On Monday, economist turned partisan hack Paul Krugman recycled his pompous lecture against what he calls “false equivalence," by which he means journalistic fairness toward Republicans. Every one of his examples of “false equivalence” coincidentally involves a Republican allegedly getting a free-ride in the news media -- which would come as quite a shock for NewsBusters readers -- while Hillary Clinton is unfairly slammed at every turn. And media reporter Jim Rutenberg warned the television media off of potential coverage of Benghazi and Bill Clinton’s sex scandals at the Republican convention.
The New York Times' pulverizing of Trump’s vice-presidential choice, Gov. Mike Pence of Indiana, continued on Sunday. A front-page story by Monica Davey and Michael Barbaro painted Pence as a conservative extremist forcing an unconstitutional abortion regime onto the women of his state in “Abortion Wars Brought Pence Praise of Right." Another piece used the terms "loony lighweight" and "cranky" to characterize Pence.
New York Times former editorial page editor Andrew Rosenthal, perhaps the most self-satisfied liberal on a Times staff that’s not exactly running short of them, was in rare form on the eve of the Republican Convention in Cleveland, going after multiple “racist” and bigoted GOP targets and comparing them to various notorious dictators.
The New York Times is notorious for downplaying or ignoring links to radical Islam in the wake of terror attacks, and its response to the truck massacre in Nice, France mostly followed that pattern, with a news columnist shrugging off the idea the war on terror could ever be won and a front-page headline confidently stating the perpetrator was “A Surly Misfit With No Terror Links....” the morning that ISIS claimed responsibility. Max Fisher brought a defeatist attitude toward the war on terror from his Saturday perch as the paper’s “Interpreter” news columnist, while blaming “right-wing” governments in Europe for Muslim discontent:
New York Times reporters Michael Barbaro and Monica Davey portrayed Donald Trump’s socially conservative vice presidential running mate as a potentially “dangerous anachronism” in “Mike Pence: A Conservative Proudly Out of Sync With His Times.” By contrast, The Times wrote a flattering article on potential Hillary Clinton running mate Virginia Sen. Tim Kaine, who carries a 90% rating (out of 100) from the liberal Americans for Democratic Action, without once giving him an ideological label (though being a "white man" is seen as a drawback)
President Obama’s speech at a memorial service for the five police officers assassinated in Dallas while patrolling a Black Lives Matter protest led Wednesday’s New York Times. The paper portrayed Obama flatteringly as having “spoke hard truths to both sides” at the service, while downplaying how the President politicized the memorial by thumping for gun-control, ranting about how a Glock pistol was easier to get than a book. The story was unnecessarily sycophantic, while tamping down criticism of Obama’s politicized tone: “Obama Consoles And Challenges A Shaken Nation." The Times also failed to catch -- then conveniently excised -- a flubbed Biblical quotation by Obama.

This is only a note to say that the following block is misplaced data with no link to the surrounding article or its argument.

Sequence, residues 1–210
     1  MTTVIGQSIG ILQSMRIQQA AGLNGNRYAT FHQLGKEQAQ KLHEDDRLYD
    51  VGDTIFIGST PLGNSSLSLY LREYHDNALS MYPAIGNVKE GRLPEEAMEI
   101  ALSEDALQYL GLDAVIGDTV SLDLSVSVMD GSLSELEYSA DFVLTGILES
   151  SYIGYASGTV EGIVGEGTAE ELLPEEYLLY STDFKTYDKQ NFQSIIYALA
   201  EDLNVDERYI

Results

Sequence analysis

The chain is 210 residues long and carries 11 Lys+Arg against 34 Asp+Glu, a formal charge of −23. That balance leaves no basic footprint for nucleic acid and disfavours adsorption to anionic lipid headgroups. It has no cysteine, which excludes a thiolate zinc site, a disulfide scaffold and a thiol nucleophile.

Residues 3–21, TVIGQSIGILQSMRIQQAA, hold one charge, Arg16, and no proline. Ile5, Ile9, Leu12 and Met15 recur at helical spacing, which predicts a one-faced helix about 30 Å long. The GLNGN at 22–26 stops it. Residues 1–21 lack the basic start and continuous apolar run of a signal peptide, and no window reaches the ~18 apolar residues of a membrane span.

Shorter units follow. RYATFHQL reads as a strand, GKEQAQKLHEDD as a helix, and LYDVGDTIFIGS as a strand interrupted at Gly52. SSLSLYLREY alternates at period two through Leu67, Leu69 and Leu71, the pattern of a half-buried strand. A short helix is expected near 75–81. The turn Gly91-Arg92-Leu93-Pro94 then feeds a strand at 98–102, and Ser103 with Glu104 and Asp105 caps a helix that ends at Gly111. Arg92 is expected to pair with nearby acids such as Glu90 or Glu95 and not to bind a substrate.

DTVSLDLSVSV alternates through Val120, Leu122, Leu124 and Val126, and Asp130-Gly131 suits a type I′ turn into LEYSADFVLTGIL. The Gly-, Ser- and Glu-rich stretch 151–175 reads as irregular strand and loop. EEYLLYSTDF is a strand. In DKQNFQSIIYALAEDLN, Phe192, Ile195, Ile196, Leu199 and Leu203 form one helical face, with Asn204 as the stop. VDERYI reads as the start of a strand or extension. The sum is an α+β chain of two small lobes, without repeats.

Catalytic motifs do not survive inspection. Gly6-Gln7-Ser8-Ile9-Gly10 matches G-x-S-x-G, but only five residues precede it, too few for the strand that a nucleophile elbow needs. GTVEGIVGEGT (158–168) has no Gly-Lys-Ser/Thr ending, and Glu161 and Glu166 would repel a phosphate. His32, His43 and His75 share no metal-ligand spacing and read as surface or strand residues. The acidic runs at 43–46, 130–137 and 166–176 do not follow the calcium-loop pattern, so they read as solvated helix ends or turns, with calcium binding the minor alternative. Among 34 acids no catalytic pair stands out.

Well, the New York Times didn’t actually call former NYC mayor Rudy Giuliani a racist in its lead editorial Tuesday, which it has strongly implied in the past on its news pages. That’s about the best that can be said for “Rudy Giuliani’s Racial Myths,” in which the Times attacks its old enemy as a race-baiter for criticizing Black Lives Matter, which the paper referred to as a “civil-rights movement” on Sunday’s front page. Meanwhile, actual race-baiter Al Sharpton is portrayed in the Times lecturing others on race-baiting.
The New York Times’ front pages over the weekend dealt with the awful police-related events over the last few days, culminating with the assassination of five policemen in Dallas during a Black Lives Matter demonstration. The paper fanned the flames of racial discord, pointing a finger at “some whites who feel they are ceding their long-held place in society." Another story lamented how the murders threatened to sabotage the "still-young civil rights movement" of Black Lives Matter.
New York Times Midwest correspondent Julie Bosman learned an "alarming" new term from Kansas conservatives for Sunday’s edition: “The Right’s Wording for Public Education in Kansas: ‘Government Schools.’” Some other sneaky terms concocted by conservatives to pull the wool over voters eyes? “Tax relief.” “Pro-life.” “The Democrat Party.” “Death panels.” And another Times writer revealed how Republicans stoke “racial resentments with subtle and not-so-subtle dog whistles” like (again) “Death panels,” “Knockout game,” and “All lives matter.” Meanwhile, the Times does its own quiet semantical leaps; "Illegal immigrant” is out, “undocumented” is in. “Gun control” is out, while “gun safety” is constantly used by the Times in a matter-of-fact manner.
Wednesday’s New York Times was crammed with condescension and hostility toward racist Brexit voters. Rachel Donadio had previously “credited” “a campaign of open xenophobia” for the victory of the Leave choice. On Wednesday she peppered some left-wing British in writing and theatre fields with loaded questions, and they delivered the artists’ predictable low opinions of their fellow citizen-xenophobes who’d had the bad taste to vote for national sovereignty. And two other reporters toured two struggling towns that had voted Leave, and predictably found racism, xenophobia, and economic ignorance.